"Men never do evil so completely and cheerfully as when they do it from a religious conviction." The speaker is Luc, an elderly Catholic monk played by 79-year-old Michael Lonsdale, quoting a pensée of Pascal. (From The Guardian Review linked to below)
Back in 2003, while in Brisbane, I purchased the 2002 published book The Monks of Tibhirine: Faith, Love, and Terror in Algeria by John W. Kiser. It is the story of a community of Cistercian monks deeply rooted in the soil of Algeria. The San Francisco Chronicle then described the book as “a chronicle of faith that transcends any particular religious group or political affiliation.” The Washington Post notes that the “book paints a surprising picture of the bonds between Christians and Muslims, and provides a ray of hope for the future”. The story centres on the period 1995 to 21 May 1996.
Roll forward to 2010 and director Xavier Beauvois breathes life into the story and the French-language film Of God’s and Men is released. “…A small miracle of a film, it puts so much petty pedantry into humbling proportion, while offering a genuinely progressive vision of faith.” (The closing section of a review by Catherine Wheatley writing for Sight & Sound, Jan. 2011).
“…It is the most intensely passionate film at Cannes (2010) so far this year, and the fact that the passion is religious makes it no less moving. The early-morning audience wept yesterday in Of Gods and Men, Xavier Beauvois’s picture of the monks of the Atlas Mountains in Algeria, a beautifully told story of bravery and extraordinary understanding…” (Kate Muir, The Times: Sunday Times - here).
The Ecumenical Jury at the 2010 edition of the Cannes Film Festival awarded its top prize to Xavier Beauvois' Des hommes et des Dieux / Of Gods and Men.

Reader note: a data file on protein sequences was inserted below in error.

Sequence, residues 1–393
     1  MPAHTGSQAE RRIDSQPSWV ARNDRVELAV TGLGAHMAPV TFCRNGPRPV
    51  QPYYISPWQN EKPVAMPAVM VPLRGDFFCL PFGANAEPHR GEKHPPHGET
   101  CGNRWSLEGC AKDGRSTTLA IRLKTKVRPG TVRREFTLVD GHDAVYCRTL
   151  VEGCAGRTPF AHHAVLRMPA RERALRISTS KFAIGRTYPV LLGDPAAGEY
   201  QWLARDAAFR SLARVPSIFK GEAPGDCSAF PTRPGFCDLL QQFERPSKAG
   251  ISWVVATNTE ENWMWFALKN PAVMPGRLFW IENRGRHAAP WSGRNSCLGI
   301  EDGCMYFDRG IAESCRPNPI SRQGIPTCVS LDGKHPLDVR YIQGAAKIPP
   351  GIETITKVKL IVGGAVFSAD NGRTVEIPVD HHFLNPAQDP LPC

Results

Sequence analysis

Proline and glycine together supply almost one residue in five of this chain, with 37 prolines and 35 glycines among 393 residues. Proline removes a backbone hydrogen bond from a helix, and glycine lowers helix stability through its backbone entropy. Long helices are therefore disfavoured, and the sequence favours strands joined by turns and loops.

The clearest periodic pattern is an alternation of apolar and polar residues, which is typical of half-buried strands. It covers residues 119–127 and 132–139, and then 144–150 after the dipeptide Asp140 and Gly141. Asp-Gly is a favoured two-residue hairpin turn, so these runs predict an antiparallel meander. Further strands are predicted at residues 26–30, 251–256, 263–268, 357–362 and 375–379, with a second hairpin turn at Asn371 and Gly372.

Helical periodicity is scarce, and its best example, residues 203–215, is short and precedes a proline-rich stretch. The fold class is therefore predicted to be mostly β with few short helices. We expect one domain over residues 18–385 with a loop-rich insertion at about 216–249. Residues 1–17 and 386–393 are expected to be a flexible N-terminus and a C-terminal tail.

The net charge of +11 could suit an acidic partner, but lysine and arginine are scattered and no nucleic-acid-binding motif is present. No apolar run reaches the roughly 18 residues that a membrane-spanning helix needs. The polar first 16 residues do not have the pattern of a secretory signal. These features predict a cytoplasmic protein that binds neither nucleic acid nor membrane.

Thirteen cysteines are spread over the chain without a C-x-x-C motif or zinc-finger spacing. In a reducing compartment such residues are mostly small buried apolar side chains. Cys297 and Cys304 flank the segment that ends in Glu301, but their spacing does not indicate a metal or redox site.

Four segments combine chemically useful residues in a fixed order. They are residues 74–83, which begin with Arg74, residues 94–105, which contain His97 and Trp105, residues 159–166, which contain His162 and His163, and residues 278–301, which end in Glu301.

Sadly it hasn’t had a general release in NZ, so has only been able to be seen in film festivals. So for me it’s likely to not be until the DVD release that I get to see it.
So, in place of a review from me, here’s an excerpt from Carl McColman whose review of a book featured in yesterday’s post:
“…The film moves slowly, and is for the most part quiet and contemplative; at times it felt like I was watching the Cistercian answer to Into Great Silence, the 2005 German documentary about Carthusian monks. The film repeatedly takes us back to the liturgy (sung beautifully in French), just as the normal day in the life of a monk repeatedly returns to the prayer of the community; as the movie progresses, this continual returning to the liturgy functions almost like a refrain to the poetic unfolding of the film’s story. One thing that really makes this movie shine is how authentic it is in its portrayal of the humanity of the monks, warts and all. Several of them are irascible and downright ornery, at one point one utters an extremely not-nice word. His companion mutters “he’s tired,” almost as if to make an excuse to the audience. People who have romanticized notions about monks never wearing anything other than their habits and never ever leaving the cloister will find a much more realistic portrayal of the down-to-earth men who have chosen to live alongside, and truly with, the simple but loving villagers who depend on them for medical care and friendship. Their life as a community of monks, in all its simplicity, humility, and sheer ordinariness, is presented in a beautiful, understated, matter-of-fact way — which is why I think the film succeeds not only as great cinema but as a great testament to faith…”